International Relations Are Acoustic. Let’s Listen!

Introduction

Frédéric Ramel
Sciences Po, Paris
doi: 10.18278/aia.3.2.1

“Liberals are musicians, Realists are jocks” (Walt 2011). By setting up a link between one of the main general theories in international relations and art, Walt provides a very common interpretation of music as harmony. Any musical performance relies on cooperation between musicians and their sounds. So do international affairs because “for Liberals, world politics is like playing music, and states are just like members of a band or orchestra. Making good music requires teamwork and cooperation, and the quality of the music generally improves the more highly skilled the musicians are” (Walt 2011:n.p.).

As a neo-classical realist, Walt aims at depreciating Liberalism for its utopian nature. In the realist suppositions, anarchy prevails in the world system producing a permanent condition of mutual suspicions among states and a propensity toward war. But Walt’s reference to music is imperfect for two reasons. Firstly, he equates music with peace. As “a tool for understanding” (Attali 2011:4), music could indeed frame representations of peace. They speak “both to the heart and to the brain, to the compassion of the heart and constructions of the brain” (Galtung 2008:60). In the history of European ideas, many philosophers conceived international order based on the music of cosmic spheres in the Middle-Ages for highlighting perpetual peace. The same ideas informed the concert of nations in 1815. But these associations do not cover all the relations between music and representations of International Relations (IR).

Strategic studies also refer to musical ideas for describing war. The French strategist and Army Officer André Beaufre defined every war as a hybrid fact that combines major (regular war) and minor (irregular war) modes (Beaufre 1965). The General has his “keyboard and his musical score” when he fights… In such readings, music does not inspire irenic thoughts.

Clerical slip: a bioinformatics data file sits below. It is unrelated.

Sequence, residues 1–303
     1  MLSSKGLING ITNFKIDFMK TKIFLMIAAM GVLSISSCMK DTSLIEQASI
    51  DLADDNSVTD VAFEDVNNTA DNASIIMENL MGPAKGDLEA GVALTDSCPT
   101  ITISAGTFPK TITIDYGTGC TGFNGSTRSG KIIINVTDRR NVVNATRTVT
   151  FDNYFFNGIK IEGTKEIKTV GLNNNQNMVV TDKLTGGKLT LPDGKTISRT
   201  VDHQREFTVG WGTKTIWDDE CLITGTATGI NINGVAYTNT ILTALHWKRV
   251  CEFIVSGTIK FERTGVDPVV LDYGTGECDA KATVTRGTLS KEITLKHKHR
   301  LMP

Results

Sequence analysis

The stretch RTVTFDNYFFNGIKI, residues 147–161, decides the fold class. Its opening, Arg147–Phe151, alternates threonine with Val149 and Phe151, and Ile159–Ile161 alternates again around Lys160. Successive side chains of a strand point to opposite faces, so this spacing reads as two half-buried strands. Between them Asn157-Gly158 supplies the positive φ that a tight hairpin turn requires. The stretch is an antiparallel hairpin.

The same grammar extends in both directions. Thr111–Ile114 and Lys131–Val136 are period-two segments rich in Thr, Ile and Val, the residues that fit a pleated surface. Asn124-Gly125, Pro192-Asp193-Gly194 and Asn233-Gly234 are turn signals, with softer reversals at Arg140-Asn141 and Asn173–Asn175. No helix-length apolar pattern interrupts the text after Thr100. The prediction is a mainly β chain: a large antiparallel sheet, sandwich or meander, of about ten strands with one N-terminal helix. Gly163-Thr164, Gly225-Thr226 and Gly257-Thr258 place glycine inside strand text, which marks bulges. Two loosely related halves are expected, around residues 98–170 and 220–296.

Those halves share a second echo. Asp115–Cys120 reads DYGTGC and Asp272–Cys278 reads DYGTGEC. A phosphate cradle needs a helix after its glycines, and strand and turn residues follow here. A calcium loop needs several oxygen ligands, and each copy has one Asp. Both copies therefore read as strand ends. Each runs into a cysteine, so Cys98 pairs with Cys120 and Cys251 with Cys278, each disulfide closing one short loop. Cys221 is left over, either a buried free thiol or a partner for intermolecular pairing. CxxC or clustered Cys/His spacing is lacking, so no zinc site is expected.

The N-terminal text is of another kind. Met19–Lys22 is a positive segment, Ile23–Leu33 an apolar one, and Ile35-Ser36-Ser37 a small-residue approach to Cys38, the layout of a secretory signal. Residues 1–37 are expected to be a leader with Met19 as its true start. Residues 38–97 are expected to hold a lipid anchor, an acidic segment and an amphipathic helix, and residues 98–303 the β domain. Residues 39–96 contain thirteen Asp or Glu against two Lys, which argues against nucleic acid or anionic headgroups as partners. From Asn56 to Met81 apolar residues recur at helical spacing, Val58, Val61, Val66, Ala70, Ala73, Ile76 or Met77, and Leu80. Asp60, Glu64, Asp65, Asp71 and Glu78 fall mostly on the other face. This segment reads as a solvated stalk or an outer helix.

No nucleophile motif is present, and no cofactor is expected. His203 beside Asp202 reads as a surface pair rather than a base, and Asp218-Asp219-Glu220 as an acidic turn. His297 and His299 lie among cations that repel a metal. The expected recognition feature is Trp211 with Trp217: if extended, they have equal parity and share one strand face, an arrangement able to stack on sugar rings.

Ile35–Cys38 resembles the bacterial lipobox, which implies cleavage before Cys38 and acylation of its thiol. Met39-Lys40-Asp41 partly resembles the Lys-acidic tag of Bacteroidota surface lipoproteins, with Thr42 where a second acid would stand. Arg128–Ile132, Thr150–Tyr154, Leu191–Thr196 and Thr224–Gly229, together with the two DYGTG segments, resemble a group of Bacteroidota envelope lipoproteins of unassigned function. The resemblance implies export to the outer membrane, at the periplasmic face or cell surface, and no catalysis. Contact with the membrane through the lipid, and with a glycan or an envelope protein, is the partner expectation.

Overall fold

Walt also mobilizes music as a metaphor for qualifying a theory. The metaphor is taken from the Greek verb metapherein that means ‘to transfer’. This form of rhetoric does not suppose an explicit comparison. It is a more figurative than a literal process. By “likening, comparing, or analogizing” (…) “The maker of a metaphor (or the metaphor itself) likens the primary subject to the secondary subject” (Hills 2012). These transfers help to visualize or explain reality through fresh perspectives. These functions of metaphors have been used for centuries in order to show “how IR works” (Marks 2011:6) and more broadly to “shape the field” (ibid.:8). But again, to integrate music in IR studies goes far beyond the influence of metaphors for designing research and theories.

Walt does not see the genuine aural dimension of International Affairs. It is not a question of presenting a theory with ordinary images that could make sense. The acoustic turn has much bigger promises. What are they and how could they be achieved?

This acoustic turn results from the convergence of three independent movements. First, musicologists not only explore the cultural movements of musicians and musical genres across borders but also the role of music in political and conflictual contexts (O’Connell and Castelo-Branco 2010). Historians have opened a new chapter of American Diplomacy for decades based on a cultural turn that nowadays is extended to other countries. This academic literature sheds light on transnational circulation of conductors, composers, groups…with and beyond Foreign policies of the States (Gienow-Hecht 2009, 2015). The last movement comes from IR where aesthetics have been integrated in several research programs. Aesthetics not only operate as an “amplifier” (Bleiker 2009), they also open up “thinking space” (ibid. 2017). Music takes part in this agenda by “resounding international relations” (Franklin 2005).

To study international relations as an acoustic fact has at least three academic consequences: